This is an article from the New York Times and frankly after reading this I don’t think the folks trying assist the patient knew what to do. This also goes to show you how very complex medical billing is. The person at Optum would not give out the code? See what a difference 10 extra minutes of time makes and the code that goes with it to get a claim paid! Interesting too with all the technology Optum boasts about all the time in the fact that the patient received a snail mail letter as well. On the other side of the coin if you are the wife of a banker and the doctor files a $75,000.00 claim for a hammertoe procedure that normally runs between 10-15k, no problem check was sent right out. It was an out of network visit too.
$175,098.80 To Fix A Hammer Toe Billed by New York Podiatrist And the Insurer Paid It, Well Sort Of As They Sent the Check to the Patient By Accident, A New Investigation For “Out of Network” Charges Has Resulted
United Healthcare/Optum has so many subsidiaries anymore and they keep growing that their lawyers in this case didn’t even know the company sells anti fraud billing software, so they work it both ways. The lap band case was somewhat entertaining as the United lawyer said they “have “ to depend on accurate billings from the doctors, again not even aware that United/Optum Insights has sold software that looks for fraud and errors in medical billing.
Lap band Surgeries Go Full Circle With Lawsuits–Now United Who’s Being Sued, Files Case Against Company Who Provided the Advertising and Services
So in this case the therapist couldn’t even get the correct code so you’re on your own if you run into complexities like this. By the way here’s an archived post that might be worth a read to see all the types of businesses United is involved with today with the huge army of subsidiary companies they own. That’s where all the action takes place today, in the subs. BD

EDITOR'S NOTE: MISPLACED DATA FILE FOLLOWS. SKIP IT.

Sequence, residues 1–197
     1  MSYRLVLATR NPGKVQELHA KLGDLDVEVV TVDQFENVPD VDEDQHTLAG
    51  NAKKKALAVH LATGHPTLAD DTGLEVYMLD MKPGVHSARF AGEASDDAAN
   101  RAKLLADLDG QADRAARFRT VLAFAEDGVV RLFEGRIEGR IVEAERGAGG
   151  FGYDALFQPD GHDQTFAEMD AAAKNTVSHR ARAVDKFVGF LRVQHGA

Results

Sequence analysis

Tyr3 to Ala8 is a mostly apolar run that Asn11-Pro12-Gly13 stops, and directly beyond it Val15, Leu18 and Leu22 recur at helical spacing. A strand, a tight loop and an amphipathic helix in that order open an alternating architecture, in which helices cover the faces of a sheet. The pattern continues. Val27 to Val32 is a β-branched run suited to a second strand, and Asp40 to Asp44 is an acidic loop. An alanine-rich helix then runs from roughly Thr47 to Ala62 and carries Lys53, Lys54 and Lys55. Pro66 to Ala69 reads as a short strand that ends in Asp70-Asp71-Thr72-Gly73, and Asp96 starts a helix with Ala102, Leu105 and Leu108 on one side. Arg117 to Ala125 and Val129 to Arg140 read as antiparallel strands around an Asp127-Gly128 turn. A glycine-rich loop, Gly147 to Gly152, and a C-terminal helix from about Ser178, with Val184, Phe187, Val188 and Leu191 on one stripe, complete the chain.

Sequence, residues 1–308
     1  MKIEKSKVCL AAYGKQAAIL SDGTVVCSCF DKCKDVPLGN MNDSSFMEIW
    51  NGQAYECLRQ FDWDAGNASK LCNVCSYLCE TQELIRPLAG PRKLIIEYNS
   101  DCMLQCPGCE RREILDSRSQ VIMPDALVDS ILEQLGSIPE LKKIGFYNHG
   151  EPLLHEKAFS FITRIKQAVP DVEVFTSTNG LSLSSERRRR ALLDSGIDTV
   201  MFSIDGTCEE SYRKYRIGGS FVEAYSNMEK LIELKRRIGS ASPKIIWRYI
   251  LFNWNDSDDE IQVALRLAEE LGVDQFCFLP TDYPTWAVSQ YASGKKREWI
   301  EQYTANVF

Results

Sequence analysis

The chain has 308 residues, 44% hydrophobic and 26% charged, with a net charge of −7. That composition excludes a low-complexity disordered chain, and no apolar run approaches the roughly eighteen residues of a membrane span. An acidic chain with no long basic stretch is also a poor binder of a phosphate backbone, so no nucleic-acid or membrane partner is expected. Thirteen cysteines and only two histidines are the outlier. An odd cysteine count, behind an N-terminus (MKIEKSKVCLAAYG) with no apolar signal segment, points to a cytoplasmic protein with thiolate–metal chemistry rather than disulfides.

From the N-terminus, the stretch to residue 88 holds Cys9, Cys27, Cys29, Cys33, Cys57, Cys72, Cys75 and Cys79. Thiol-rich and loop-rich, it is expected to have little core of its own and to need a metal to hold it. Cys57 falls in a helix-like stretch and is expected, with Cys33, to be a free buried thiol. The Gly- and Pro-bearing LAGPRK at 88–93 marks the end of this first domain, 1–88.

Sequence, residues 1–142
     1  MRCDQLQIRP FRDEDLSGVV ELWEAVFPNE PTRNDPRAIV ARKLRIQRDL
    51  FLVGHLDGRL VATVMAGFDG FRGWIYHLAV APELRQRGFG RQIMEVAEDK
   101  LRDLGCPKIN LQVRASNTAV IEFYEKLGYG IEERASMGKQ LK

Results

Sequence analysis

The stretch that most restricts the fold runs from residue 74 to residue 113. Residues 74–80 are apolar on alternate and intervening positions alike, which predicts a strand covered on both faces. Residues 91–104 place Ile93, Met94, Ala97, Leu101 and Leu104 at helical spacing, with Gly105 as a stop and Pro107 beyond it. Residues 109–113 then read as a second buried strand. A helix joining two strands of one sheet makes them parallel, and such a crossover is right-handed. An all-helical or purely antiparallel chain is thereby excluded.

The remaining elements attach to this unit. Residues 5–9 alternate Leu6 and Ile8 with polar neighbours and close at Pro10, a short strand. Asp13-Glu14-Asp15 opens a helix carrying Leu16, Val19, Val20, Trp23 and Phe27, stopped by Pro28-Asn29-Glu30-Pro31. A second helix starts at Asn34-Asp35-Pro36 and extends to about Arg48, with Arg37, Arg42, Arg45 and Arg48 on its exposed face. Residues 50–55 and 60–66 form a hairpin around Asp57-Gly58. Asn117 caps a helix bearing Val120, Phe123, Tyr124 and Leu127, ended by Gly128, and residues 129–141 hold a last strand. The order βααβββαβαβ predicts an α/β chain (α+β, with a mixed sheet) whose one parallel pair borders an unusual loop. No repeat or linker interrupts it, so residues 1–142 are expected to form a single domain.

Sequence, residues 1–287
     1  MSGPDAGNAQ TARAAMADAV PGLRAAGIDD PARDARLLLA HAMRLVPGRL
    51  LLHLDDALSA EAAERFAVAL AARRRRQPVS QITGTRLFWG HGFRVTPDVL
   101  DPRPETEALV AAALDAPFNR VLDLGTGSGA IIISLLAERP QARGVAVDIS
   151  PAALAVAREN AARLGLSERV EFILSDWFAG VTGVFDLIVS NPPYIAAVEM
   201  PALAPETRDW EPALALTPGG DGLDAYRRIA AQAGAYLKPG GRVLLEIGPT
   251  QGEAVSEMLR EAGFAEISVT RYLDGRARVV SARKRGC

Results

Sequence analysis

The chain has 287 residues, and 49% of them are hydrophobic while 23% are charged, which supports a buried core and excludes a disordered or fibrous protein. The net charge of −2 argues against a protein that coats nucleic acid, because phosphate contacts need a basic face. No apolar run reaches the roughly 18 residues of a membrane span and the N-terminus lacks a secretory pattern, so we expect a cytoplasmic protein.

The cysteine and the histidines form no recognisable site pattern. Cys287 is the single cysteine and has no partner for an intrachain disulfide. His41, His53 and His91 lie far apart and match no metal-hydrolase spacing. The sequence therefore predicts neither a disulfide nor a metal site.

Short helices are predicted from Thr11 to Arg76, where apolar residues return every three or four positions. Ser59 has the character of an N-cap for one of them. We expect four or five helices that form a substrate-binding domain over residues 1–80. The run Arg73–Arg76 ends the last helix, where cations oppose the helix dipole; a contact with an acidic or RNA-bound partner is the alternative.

Health Insurance Business Under the radar With Tiered Subsidiaries–Where All the Action Takes Place With Mergers, Acquisitions and Profit Centers-Subsidiary Watch
I have spent months trying to get reimbursed by Optum, a health services company that is part of UnitedHealth Group, for $2,500 worth of psychotherapy. I mailed claim forms twice last year, and both times the company said it didn’t receive them. I faxed the form, after an assurance from a representative that she would call as soon as it arrived. I’m not sure it did; I received no call. I tried submitting the form online. I kept landing on an “Error Occurred” window.
I filed a claim via email, but that produced only a snail mail letter from Optum denying the claim. Why? My therapist had used the wrong “code” on the form. Apparently, he used the code for 60 minutes of therapy. Optum will accept only the code for 45 or 50 minutes of therapy.
When I explained this to my therapist, he said he had no idea how to find the correct code. And here is the punch line: When I called Optum, a rep said he would not divulge the correct code. My therapist ought to know it already, he said. When my therapist called Optum, the company refused to share the code with him too.
This manager went on to say that in 2013, the American Psychological Association changed a number of Current Procedural Terminology codes, the numbers used as shorthand for treatment designations on claims forms. Mr. Request’s therapist was using the old code for 45 minutes of therapy instead of the new one.
So that explains why the claim was rejected. It doesn’t explain why a rep at Optum would not share the new code, or the company’s Fort Knox-like imperviousness to letters, emails and a fax.
If the system at Optum is as broken as this one patient suggests, you would expect an outpouring of animus toward the company on the Internet. And by gum, there is. At a site called Consumer Affairs, for instance, there are more than 500 reviews of Optum, most of them scathing. The words “horrible” and “horribly” get used a lot.